It’s the final chance to shake up the CG placings today in this 53.5km time trail, but is there any shakeability left in this race? Particularly over this course? It’s pretty flat, heading out of Bonneval towards Chartres via country roads, and was always predicted to favour the strong time triallists: Fab, Martin, Evans, Wiggins, Menchov. Well, Fab and Martin are long gone from the Tour (I’ll take a quiet moment to mourn the lost opportunity to admire Fab’s exceptional… power output) and Evans and Menchov are 9’57” and 22’42” behind Wiggins, respectively. We can hope that Evans is strong enough to make a good showing tonight, and it will be interesting to see how van Garderen performs after his strong outing in the Besançon time trial. Clearly Wiggins and Froome have been stand-out competitors in this format so far and they will have the added benefit of knowing exactly what times they are up against. Barring absolute disasters on the course, surely not much will change in the top 10. (Click here for the start schedule and don’t forget to add 8 hours for AEST!)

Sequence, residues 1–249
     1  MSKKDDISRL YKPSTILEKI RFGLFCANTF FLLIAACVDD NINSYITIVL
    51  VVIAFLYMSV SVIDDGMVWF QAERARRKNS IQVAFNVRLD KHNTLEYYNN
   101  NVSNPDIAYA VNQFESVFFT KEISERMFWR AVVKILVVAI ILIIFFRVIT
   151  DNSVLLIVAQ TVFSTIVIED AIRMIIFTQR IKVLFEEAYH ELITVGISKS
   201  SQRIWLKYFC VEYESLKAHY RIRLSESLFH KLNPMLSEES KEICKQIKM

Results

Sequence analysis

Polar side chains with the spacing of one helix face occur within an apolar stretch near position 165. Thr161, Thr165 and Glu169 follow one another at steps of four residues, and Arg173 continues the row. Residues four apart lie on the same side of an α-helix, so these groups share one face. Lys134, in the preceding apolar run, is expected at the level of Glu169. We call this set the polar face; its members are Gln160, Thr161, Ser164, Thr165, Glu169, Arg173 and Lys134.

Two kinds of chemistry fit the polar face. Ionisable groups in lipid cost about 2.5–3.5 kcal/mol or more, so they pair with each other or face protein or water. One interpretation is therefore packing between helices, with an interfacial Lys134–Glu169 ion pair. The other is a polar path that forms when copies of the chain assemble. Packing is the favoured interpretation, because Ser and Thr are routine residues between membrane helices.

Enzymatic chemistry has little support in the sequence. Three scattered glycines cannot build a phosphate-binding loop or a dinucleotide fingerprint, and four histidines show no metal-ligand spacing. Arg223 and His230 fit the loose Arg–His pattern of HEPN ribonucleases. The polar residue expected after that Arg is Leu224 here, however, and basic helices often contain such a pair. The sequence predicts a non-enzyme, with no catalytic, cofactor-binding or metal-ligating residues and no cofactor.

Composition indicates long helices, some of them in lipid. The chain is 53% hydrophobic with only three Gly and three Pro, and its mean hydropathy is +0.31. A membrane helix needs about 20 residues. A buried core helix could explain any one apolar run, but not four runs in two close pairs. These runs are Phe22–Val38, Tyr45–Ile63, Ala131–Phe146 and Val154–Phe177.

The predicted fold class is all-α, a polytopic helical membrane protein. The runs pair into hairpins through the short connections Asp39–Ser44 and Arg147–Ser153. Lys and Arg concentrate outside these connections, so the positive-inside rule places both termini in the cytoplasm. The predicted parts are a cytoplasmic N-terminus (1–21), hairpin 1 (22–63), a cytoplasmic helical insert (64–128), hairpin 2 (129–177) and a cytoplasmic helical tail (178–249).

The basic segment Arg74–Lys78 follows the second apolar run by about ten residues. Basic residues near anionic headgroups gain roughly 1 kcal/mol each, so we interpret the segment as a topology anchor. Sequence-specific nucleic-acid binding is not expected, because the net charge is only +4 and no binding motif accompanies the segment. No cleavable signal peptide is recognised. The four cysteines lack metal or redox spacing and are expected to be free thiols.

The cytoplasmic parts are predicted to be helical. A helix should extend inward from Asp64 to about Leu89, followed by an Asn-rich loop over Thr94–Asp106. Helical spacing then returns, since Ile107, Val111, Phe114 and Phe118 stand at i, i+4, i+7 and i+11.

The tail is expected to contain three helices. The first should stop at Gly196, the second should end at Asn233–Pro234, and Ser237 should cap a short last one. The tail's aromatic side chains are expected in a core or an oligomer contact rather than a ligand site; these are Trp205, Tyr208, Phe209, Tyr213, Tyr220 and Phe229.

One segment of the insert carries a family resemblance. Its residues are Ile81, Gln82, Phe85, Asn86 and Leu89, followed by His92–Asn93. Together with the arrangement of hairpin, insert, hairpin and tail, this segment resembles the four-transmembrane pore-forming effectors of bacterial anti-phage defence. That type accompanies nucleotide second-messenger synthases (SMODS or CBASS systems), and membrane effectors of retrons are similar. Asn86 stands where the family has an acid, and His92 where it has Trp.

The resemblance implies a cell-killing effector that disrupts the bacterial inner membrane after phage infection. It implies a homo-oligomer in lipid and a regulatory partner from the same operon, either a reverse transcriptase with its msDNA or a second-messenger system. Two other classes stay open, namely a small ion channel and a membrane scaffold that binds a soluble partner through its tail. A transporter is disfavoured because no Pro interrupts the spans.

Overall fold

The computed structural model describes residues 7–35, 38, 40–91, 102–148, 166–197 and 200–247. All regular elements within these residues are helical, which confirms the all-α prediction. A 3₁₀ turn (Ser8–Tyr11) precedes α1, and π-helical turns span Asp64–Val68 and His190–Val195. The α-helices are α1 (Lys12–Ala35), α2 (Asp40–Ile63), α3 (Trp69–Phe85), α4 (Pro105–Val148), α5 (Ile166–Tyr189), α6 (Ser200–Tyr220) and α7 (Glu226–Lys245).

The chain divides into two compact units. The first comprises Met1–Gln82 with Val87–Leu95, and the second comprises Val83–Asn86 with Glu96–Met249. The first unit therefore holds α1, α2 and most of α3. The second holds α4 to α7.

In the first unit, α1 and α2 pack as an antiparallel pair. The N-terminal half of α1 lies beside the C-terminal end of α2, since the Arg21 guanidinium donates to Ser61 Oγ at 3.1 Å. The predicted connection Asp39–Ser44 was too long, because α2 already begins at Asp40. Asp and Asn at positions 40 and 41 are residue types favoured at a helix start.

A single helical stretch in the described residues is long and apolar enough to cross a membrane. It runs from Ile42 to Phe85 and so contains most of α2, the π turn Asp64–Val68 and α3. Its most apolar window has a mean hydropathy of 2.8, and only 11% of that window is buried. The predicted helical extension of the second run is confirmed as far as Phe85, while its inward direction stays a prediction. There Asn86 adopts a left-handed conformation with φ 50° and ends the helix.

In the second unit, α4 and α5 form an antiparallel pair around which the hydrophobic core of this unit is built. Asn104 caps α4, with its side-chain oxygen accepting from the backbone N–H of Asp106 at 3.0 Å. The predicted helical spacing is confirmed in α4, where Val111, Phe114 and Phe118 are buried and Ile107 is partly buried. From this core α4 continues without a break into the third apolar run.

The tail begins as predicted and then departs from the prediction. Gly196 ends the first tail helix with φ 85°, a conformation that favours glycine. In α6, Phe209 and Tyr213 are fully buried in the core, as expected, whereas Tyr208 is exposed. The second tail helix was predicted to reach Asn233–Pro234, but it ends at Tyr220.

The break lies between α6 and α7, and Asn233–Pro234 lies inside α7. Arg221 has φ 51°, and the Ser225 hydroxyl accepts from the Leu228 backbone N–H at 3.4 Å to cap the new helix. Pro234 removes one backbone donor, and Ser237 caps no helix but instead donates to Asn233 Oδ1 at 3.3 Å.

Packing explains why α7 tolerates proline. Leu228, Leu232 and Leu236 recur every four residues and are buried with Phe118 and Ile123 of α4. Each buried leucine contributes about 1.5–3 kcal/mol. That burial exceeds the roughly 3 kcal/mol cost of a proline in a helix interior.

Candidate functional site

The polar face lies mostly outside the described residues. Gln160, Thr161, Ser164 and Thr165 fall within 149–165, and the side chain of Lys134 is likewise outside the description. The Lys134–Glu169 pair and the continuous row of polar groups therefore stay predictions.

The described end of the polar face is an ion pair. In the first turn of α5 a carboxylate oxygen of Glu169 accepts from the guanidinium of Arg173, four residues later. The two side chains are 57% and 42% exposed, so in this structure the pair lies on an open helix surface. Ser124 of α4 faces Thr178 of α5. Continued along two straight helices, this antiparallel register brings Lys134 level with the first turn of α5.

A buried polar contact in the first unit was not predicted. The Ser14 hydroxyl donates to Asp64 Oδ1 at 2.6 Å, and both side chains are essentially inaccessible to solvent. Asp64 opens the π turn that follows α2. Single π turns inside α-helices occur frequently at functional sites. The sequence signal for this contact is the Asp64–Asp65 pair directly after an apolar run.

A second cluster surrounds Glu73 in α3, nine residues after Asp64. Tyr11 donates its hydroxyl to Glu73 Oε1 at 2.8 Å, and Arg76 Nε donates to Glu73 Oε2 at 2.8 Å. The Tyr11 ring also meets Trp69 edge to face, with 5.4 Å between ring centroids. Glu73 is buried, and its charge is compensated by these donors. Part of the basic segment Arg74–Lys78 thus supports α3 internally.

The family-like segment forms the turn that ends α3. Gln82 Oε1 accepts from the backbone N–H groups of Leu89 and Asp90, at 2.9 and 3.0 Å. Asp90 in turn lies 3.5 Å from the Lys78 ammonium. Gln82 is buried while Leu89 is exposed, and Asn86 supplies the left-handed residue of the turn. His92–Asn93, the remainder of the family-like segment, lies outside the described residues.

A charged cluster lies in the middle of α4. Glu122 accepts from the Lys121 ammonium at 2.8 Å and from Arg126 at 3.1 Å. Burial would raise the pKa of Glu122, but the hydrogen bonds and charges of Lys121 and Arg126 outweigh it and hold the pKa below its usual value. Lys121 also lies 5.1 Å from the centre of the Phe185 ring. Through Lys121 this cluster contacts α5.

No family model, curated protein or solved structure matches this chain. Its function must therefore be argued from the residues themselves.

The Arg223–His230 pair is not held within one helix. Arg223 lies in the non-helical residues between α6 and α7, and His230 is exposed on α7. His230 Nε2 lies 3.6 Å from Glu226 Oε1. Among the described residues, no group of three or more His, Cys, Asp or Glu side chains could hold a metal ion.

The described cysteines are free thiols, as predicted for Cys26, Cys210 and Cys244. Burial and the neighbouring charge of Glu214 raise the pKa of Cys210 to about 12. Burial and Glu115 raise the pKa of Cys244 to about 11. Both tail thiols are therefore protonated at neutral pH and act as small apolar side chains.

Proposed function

This could, therefore, be something of a trial for viewers. We have most likely exhausted our supplies of witty skinsuit-related repartee (that is unless the Astana outfitters have read of our disappointment over the low-sheen of this year’s lycra and have ordered replicas of last year’s kit). With riders going out at predetermined times, the likelihood of decent name-mangling by the Ps is low. And there might not be vaches.

That’s right. We could be vache-less.